Micron Benefits from Memory Market’s Faster Growth Rate



Growth forecast for the memory market

The memory market is seeing strong growth as more devices use memory chips. Micron Technology’s (MU) chief financial officer Ernest Maddock talked about the memory market trend at the Robert W Baird 2017 Global Consumer, Technology & Services Conference.

Currently, the overall semiconductor market is worth $385.0 billion, of which the memory market is worth $110.0 billion. Many research firms expect the memory market to grow faster than the overall semiconductor industry. The overall semiconductor market is expected to grow 12.0% YoY (year-over-year), while the memory market is expected to grow 40.0% YoY in 2017.

Who would benefit from this growth?

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Memory market consolidation

The memory market has two major segments: DRAM (dynamic random access memory) and NAND. Memory cyclicality has seen the memory market consolidate over the years from as many as 32 DRAM companies to just three: Samsung (SSNLF), SK Hynix, and Micron. On the NAND side, there are four major IP (intellectual property) holders: the Micron-Intel (INTC) joint venture, the Toshiba (TOSBF)–Western Digital (WDC) joint venture, Samsung, and SK Hynix.

On the DRAM side, the market share is more or less the same since Samsung has a technology lead over SK Hynix and Micron. Samsung leads with a ~45.0% market share, followed by SK Hynix and Micron in second and third place.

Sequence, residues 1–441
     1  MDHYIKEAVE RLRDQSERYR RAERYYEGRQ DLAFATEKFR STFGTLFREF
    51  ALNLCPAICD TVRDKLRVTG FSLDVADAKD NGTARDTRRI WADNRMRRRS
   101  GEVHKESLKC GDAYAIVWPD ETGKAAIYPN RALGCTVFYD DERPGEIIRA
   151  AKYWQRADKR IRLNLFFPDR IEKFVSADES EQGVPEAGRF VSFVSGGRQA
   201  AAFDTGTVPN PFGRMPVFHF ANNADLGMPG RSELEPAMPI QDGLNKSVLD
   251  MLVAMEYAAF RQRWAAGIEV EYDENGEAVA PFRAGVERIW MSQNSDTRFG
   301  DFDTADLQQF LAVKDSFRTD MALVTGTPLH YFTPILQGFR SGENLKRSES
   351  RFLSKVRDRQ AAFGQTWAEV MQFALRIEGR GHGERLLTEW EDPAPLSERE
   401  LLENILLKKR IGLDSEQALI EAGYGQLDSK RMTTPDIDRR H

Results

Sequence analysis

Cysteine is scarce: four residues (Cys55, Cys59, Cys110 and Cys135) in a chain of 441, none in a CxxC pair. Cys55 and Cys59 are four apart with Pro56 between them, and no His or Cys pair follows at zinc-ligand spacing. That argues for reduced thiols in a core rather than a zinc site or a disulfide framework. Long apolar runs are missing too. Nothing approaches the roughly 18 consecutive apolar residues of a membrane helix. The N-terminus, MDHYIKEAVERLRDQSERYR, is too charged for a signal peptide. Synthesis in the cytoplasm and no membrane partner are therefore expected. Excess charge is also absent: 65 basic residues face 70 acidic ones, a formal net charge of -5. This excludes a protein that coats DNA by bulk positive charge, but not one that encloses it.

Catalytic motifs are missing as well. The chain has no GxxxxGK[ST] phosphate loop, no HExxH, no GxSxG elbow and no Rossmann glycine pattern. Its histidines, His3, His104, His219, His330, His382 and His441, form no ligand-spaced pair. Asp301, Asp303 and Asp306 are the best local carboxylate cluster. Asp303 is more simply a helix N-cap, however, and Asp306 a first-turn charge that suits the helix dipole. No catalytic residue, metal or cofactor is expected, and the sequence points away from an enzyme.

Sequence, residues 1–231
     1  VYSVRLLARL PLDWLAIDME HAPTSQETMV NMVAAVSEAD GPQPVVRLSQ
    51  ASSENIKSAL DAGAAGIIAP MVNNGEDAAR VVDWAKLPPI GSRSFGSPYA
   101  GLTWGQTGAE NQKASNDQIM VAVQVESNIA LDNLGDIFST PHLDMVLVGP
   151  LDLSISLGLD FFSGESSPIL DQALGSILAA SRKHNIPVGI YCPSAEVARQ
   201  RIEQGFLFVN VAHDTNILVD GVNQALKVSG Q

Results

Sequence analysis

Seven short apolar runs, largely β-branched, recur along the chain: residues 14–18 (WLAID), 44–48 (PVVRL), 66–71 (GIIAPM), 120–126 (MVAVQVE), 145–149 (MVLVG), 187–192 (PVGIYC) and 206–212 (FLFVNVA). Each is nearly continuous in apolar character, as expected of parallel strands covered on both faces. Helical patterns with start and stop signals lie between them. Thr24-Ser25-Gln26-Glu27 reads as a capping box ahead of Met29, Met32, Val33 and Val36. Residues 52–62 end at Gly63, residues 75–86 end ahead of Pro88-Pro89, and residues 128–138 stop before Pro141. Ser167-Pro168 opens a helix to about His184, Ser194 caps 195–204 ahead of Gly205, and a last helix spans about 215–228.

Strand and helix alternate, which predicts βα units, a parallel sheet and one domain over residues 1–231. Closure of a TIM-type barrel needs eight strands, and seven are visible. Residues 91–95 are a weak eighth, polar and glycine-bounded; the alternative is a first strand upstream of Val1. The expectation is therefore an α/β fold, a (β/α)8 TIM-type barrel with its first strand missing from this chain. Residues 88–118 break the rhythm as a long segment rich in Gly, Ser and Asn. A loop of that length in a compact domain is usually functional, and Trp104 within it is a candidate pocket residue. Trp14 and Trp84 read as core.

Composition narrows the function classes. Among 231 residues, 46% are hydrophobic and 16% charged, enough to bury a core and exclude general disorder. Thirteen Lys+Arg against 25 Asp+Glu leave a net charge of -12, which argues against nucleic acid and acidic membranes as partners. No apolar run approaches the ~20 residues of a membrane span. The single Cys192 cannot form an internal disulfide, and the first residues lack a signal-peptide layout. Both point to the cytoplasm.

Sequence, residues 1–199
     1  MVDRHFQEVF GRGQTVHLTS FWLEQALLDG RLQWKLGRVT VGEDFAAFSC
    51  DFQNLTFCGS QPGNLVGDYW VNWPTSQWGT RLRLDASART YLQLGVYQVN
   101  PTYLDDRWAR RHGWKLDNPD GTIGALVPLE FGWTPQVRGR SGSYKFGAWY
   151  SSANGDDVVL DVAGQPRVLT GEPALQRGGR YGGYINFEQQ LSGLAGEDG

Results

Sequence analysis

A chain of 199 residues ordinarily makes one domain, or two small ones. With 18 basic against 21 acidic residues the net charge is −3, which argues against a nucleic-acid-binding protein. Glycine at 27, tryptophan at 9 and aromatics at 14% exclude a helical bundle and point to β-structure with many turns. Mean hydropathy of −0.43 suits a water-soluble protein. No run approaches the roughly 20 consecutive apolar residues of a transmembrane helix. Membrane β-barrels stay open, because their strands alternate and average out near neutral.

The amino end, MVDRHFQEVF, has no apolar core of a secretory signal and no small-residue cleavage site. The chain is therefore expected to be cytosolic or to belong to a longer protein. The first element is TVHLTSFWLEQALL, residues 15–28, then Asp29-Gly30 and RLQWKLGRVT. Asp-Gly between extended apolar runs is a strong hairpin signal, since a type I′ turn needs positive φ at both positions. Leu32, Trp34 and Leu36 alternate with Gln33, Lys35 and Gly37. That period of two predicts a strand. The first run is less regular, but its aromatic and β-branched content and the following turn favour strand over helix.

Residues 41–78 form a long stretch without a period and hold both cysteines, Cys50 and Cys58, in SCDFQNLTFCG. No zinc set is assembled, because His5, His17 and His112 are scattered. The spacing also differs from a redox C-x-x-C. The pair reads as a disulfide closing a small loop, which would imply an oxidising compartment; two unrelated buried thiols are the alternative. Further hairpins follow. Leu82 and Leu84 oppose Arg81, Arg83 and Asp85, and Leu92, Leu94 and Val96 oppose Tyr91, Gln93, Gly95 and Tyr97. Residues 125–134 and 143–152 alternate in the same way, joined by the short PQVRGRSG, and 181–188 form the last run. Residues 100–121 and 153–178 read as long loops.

The above three players operate in both the DRAM and NAND markets, whereas Intel, WDC, and Toshiba only operate in the NAND market. That gives Samsung, SK Hynix, and Micron a competitive advantage since they can operate in hybrid memory markets such as eMCP (embedded multi-chip packages) and automotive memory, which features both DRAM and NAND.

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Memory market’s aggregate profits increase

Consolidation in the memory market has resulted in profit distribution among fewer players. The memory market is also diversifying.

Earlier, memory sales were largely driven by PC (personal computer) sales. The mobile revolution expanded the memory market’s customer base to include smartphone vendors. Now, the AI (artificial intelligence) revolution is not only expanding the memory customer base to automotive and wearables but also increasing the memory content per device. AI has also led the way to specialty memory chips such as graphics memory and very high-end memory.

All this is shortening memory cycles and increasing the aggregate profit opportunity for market players over the course of these memory cycles. The aggregate industry profitability in the 2015–2016 down cycle was 600 basis points higher than the 2012–2013 down cycle.

The improved profit opportunity helped Micron remain profitable for most of the 2015–2016 down cycle and report better-than-average performance in the 2017 up cycle. Micron is making an attempt to improve its profits further through technology transitions. Let’s take a look at that in the next part.


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